By Alina Bradford
Painting by Natalija Rantasa
Many artists are confused on how to mat and frame their art to get the best look and the quickest sell. The right frame and mat can be the difference between a sell and painting gathering dust. Here are some Q&A suggestions from experts on how to choose the right frame and mat to boost artwork sells.
Q: What are the safest colors and styles for an artist to choose when trying to sell their artwork?
A: Alex Farkas, co-founder of Ugallery.com’s says to keep it simple. “Neutral mats in cream, white, or off-white with simple, elegant frames, such as brushed metal in black, grey or gold, are best. You want the framing to appeal to as many potential patrons as possible.
Q: How do artists keep costs down without making their work look cheap?
A: “Above all,” says Farkas, “avoid cheap looking and poor quality standard frames. They cost more than they should, take away from your art, and will probably be promptly thrown away by anyone who purchases your work. If you cannot afford quality framing, you are better off selling your artwork unframed.
“For pieces on stretched canvas, it is completely acceptable to hang them as is. You can paint the sides for a more finished look. For works on paper, an alternative method that we (Ugallery.com) and other galleries use for exhibitions are silver metal binder clips. You can safely attach them to the top corners of the piece and hang the clips from nails. They are available at any office supply store.”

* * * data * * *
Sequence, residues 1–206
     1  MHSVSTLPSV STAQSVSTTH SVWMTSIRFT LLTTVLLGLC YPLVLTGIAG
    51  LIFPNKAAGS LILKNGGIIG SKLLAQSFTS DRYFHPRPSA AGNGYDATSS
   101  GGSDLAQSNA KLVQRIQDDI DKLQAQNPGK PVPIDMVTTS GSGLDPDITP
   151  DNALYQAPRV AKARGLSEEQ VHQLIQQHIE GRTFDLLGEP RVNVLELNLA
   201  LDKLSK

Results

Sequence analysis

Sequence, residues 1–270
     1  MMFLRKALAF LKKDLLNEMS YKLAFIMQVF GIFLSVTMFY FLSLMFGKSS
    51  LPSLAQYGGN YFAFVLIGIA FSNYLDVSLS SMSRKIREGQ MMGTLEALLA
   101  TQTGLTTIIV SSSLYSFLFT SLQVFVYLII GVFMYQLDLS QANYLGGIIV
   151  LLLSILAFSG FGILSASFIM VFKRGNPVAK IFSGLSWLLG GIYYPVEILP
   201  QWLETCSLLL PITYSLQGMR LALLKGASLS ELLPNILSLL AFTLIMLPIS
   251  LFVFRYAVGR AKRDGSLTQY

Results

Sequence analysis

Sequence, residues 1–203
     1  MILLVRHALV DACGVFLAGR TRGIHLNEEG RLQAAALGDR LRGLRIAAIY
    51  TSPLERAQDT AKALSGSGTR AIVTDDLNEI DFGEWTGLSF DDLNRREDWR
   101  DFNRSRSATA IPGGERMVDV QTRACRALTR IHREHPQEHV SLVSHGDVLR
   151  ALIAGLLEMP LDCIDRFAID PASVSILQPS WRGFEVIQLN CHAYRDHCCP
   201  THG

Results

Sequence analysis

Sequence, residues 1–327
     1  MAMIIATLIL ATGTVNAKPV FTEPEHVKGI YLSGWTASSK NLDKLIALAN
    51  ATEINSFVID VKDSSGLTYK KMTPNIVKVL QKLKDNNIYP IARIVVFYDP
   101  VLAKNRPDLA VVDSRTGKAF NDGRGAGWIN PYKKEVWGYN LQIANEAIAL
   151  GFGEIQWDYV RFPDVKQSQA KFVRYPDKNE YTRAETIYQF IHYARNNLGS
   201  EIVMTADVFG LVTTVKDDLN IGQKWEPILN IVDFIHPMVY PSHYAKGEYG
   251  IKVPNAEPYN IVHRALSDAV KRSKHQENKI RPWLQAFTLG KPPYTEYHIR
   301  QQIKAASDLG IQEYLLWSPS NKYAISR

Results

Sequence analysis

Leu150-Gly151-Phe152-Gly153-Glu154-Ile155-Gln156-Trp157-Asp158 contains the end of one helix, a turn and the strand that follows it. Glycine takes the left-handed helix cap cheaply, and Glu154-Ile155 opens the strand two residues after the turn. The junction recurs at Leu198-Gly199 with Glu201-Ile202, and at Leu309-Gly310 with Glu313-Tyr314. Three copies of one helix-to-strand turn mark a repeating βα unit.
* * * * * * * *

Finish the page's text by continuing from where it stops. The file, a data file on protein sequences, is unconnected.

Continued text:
Q: Is there any general rule of thumb that can used when framing most paintings?
A: “Black on color or black and white work, silver on black and white, gold on color work,” says independent interior designer and artist framing coach Melissa Galt. “Keep style simple but well proportioned, nothing skimpy or it looks cheap. I like a minimum frame of usually 2.5-4” with mats of 3” minimum and weighted bottoms for that extra tough. Framing is the stage that the art stands upon, when you don’t create a great stage, the artwork loses importance, impact and salability.”
Q: Is there a general rule of thumb to follow with mats?
A: “Adding color can be limiting so use it sparingly, as in maximum of ¼ inch and often 1/8 or less of second mat,” says Galt. “It is incredibly elegant and classy to use double cream or white mats, or go to a 4ply or 8ply. Another way to limit to one mat (though not my favorite) is to use color core accent mats.”